DOREMUS BEGINS COURTING CONSUMER BUSINESS AGAIN

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Doremus Advertising, which in 1992 decided to concentrate solely on business-to-business financial work, is again looking to win work on the consumer side.

This wider vision comes even though the New York-based agency, known for doing "tombstone" financial advertising, just snared a major new piece of business-to-business work, a new global $15 million account for Credit Suisse First Boston.

Scheduled to break by the end of the first quarter, media will be handled by KDM International, the planning and buying arm of Doremus, which is a unit of Omnicom Group.

RUBIN TAKES LEAD

Lou Rubin, Doremus exec VP-director of marketing planning, is spearheading an effort to gain mutual fund, insurance, retail brokerage and retail banking accounts.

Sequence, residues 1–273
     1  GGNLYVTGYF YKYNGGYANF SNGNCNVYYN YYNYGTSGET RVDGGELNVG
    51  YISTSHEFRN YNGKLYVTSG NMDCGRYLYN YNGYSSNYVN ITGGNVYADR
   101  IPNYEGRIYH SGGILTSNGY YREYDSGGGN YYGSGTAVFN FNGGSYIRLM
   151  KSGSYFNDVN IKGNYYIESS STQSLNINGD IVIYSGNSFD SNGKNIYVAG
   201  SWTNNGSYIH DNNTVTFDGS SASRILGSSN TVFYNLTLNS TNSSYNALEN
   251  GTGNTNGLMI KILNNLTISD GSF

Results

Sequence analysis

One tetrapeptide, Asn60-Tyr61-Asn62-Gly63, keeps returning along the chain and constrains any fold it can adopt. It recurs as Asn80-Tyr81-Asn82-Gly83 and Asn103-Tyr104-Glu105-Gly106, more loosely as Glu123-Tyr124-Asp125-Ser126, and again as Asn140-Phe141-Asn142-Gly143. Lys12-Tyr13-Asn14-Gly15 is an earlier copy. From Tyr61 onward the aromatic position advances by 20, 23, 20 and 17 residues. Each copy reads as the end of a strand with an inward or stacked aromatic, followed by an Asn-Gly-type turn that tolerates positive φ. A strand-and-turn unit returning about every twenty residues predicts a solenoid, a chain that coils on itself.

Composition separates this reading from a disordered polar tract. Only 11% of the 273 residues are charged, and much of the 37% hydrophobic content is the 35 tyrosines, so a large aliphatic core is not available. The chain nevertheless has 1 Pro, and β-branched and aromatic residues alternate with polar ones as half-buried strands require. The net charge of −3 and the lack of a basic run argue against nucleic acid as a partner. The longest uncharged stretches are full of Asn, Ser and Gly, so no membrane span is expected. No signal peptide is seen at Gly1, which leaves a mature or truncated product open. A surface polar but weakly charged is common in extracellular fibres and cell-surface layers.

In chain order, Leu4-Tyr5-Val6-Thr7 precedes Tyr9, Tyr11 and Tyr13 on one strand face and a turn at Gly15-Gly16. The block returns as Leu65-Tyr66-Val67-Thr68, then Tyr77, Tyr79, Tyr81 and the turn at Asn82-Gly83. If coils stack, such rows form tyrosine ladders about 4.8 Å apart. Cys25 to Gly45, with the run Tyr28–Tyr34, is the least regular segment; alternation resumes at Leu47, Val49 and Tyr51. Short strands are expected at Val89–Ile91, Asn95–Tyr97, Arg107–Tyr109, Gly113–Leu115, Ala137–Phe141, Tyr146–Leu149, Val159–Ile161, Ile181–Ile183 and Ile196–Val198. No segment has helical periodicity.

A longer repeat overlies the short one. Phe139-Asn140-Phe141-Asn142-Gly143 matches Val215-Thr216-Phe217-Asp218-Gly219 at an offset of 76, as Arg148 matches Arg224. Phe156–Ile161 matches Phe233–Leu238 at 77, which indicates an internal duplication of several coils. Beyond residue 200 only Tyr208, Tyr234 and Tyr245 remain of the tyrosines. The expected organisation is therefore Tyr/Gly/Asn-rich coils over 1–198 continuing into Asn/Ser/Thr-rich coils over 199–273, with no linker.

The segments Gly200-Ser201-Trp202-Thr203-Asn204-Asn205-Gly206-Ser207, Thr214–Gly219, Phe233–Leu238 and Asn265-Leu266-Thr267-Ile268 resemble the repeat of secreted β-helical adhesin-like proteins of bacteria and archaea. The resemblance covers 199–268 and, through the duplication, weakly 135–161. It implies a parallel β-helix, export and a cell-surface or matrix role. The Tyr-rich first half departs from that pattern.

Also now on board is the former Y&R Advertising copywriter/art director team of Richard Kelley and Peter Gibb.

Doremus concentrated its attention on business-to-business in 1993, when then-President Parry Merkley and Director of Client Services Stephen Harty spun off their own agency, Merkley Newman Harty, and took with them $40 million in accounts that included Forbes, WordPerfect Corp. and Bankers Trust Co.

Doremus is now touting its experience at a time when traditional agencies are lining up to increase their billings on the financial side. In the Credit Suisse pitch, Doremus beat McCann-Erickson Worldwide, Lord Group and Messner Vetere Berger Schmetterer McNamee/Euro RSCG.

Doremus President Carl Anderson said the agency has the financial "knowledge and expertise" that traditional agencies lack. "This is a business that we live in day in and day out."

REVOLUTIONARY CHANGES

Added Mr. Rubin, "There is a revolution happening in financial services. Baby boomers have recognized that their work isn't going to take care of them, the government isn't going to take care of them and they're thinking about retirement. They are beginning to sock money away."

Mr. Anderson added that a changing financial scene is another reason for increased marketing budgets.

Financial service companies "are becoming more knowledgeable about the need for financial marketing and branding of their companies," he said.

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